resulted in the Broad Street and Market-Frankford Lines running all night on Tuesday instead of having the Nite Owl buses. Things are slowly returning to normal but the cold isn't helping. Waiting patiently for spring..." From the Washington, D.C. area, member Steve Erlitz reported MARC ran an "S" schedule on the Penn Line only. No Camden or Brunswick service. VRE ran an "S" schedule on both lines. The Washington Metro ran normal. Also, Maryland MTA canceled all suburban bus service except Route 201, which goes from Gaithersburg to BWI. For January 22, VRE operated a full schedule. THREE SNOWSTORMS IN ONE WEEK #1 ­ After the Super Bowl ended, snow began falling and continued through the afternoon of February 3. Up to foot of snow fell in some parts of the metropolitan area, but it only had a minimal effect on transit. #2 ­ NJ Transit had announced on Tuesday, February 4 that cross-honoring would be in effect system-wide on NJ Transit and private carrier buses. As I was completing this column, there was an email alert from NJ Transit advising that for Wednesday, February 5, an "enhanced" weekend schedule would be in effect on all lines except for the Atlantic City Line. Subsequent emails removed the word "enhanced" and replaced it with "Storm Schedule." To the best of my knowledge, this was the first use of that description. If commuters decided to go to work, this should make for some exceptionally crowded trains. And they did on my line. Instead of my regular Metro-North express, I rode an allstops local, and before we got halfway to Hoboken, the train was crowded. Commuters even sat in what I call the "dreaded middle seats." The man who sat next to me on my train had a Coach USA bus ticket, which the Conductor accepted for transportation, but did not collect. After leaving Wood-Ridge, I checked the Departure Vision screen on my iPhone for Secaucus Junction and found that there were no eastbound trains scheduled to arrive in what I determined to be a reasonable amount of time, so with PATH cross-honoring recently added, I opted to go to Hoboken. It turned out to be a good decision because the 33rd Street train I boarded departed within three minutes. I got off at 9th Street and walked to the W. 4th Street subway station where an E train soon arrived. This saved me having to walk the two long blocks from Sixth Avenue in the rain/sleet that was falling. Earlier, between 4:51 and 5:32 AM, Northeast Corridor (NEC) services were suspended due to "Amtrak overhead wire problems." Midtown Direct trains were temporarily routed to Hoboken and cross-honoring was arranged with PATH. There would be another NEC suspension later that morning. The Long Island Rail Road reported that it was planning to operate a normal weekday schedule. There were a few instances were trains had mechanical prob- (Continued on page 14)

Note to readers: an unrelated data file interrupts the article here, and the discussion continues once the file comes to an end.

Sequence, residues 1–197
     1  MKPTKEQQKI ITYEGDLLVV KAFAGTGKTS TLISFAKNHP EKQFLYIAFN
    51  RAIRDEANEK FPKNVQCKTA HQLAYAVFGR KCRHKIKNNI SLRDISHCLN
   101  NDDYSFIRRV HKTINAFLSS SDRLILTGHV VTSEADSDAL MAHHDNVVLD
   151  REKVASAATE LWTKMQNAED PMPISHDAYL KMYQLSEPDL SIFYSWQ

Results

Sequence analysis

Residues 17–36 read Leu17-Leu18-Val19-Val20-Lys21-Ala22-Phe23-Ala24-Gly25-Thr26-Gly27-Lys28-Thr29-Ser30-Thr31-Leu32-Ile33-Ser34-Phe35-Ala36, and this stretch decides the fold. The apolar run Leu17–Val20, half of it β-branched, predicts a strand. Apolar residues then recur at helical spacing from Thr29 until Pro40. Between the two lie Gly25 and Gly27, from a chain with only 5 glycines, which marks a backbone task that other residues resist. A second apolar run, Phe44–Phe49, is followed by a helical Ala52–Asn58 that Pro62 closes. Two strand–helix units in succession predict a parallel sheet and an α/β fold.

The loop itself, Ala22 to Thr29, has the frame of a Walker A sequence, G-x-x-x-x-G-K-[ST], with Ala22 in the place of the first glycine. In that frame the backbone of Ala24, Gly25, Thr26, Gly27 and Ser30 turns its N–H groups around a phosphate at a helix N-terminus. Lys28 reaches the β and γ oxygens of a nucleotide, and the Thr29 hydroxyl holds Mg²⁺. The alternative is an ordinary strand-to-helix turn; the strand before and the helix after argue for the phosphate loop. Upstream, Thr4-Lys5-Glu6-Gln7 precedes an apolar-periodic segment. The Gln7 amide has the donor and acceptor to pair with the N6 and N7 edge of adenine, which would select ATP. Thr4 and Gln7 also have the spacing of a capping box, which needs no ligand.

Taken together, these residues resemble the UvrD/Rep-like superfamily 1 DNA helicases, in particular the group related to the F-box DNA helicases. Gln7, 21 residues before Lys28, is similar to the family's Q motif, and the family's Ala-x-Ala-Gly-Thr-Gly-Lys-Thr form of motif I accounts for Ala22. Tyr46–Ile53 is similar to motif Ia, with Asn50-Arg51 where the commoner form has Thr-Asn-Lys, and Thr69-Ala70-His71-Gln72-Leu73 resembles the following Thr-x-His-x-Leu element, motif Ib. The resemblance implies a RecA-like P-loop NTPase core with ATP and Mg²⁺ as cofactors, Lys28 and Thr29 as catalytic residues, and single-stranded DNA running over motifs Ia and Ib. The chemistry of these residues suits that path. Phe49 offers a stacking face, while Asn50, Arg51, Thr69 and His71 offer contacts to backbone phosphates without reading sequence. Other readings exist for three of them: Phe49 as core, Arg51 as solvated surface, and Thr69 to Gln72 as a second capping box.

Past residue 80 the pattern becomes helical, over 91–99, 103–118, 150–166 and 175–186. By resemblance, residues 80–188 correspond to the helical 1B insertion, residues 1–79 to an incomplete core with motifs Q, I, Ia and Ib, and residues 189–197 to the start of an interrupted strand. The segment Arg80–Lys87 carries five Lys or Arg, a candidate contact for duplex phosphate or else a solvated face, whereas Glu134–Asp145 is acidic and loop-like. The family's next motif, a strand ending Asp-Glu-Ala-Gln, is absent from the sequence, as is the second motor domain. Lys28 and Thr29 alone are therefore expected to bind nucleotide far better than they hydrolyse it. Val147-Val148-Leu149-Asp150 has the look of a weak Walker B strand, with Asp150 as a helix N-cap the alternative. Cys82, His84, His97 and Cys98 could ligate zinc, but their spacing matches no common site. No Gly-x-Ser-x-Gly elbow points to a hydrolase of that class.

Commuter and Transit Notes (Continued from page 13) lems, and for a time service was suspended between Jamaica and Mineola, with delays of 1 hour 40 minutes. Downed trees caused a temporary suspension of service on the Hempstead Branch. Metro-North reported that it would operate a regular schedule with some train combinations for the AM commute. There were numerous delays and several train-to -train transfers on the New Haven Line due to catenary problems. Each took a while to resolve. The New Canaan Branch experienced power problems in the area of Talmadge Hill. Elsewhere, delays of up to 30 minutes were reported for the Hudson and Harlem Lines. Buses replaced one of the Waterbury Branch midday trips. At around 9:45 AM New Haven Line Westbound trains did not stop between Old Greenwich and Cos Cob. Riders had to ride eastbound trains to Stamford and transfer for westbound service to access those stations, and had to anticipate system-wide delays of 45-60 minutes due to power problems caused by severe weather conditions. Starting at noon, Metro-North decided to operate hourly service on this line. This is a similar service plan to what has been used with recent service disruptions. Hourly service began as follows: Inbound ­ 46 minutes after the hour from New Haven; on the hour from Stamford. The 11:46 AM from New Haven made all stops to Stamford, then via express to Harlem-125th Street and Grand Central Terminal. The 12:00 PM from Stamford made all stops to Grand Central Terminal Outbound ­ At 8 minutes after the hour to New Haven; 34 minutes after the hour to Stamford. The 12:08 PM from Grand Central Terminal operated via express to Stamford and then made all stops to New Haven. The 12:34 PM from Grand Central Terminal made all stops to Stamford For the PM peak, Metro-North operated with some local and express trains that serve adjacent stations being combined and making additional stops. This service plan represented 75% of the regular service and was based on lower ridership counts and the railroad's efforts to protect equipment due to the impact of the storm. The combined trains were chosen to minimize customer impacts and to get customers home within 1015 minutes of their normal time. After 9 PM, trains ran hourly on all lines for the duration of the night. For Thursday, February 6, Metro-North operated its regular service, although there were some delays. On the subways, signal problems plagued riders on 2 and 5 at Jackson Avenue, and N and Q at Queensboro Plaza. Express trains ran via the local track during the morning. After the PM peak hour, trains that normally are stored in outside yards were moved to designated express tracks and forced express trains to operate on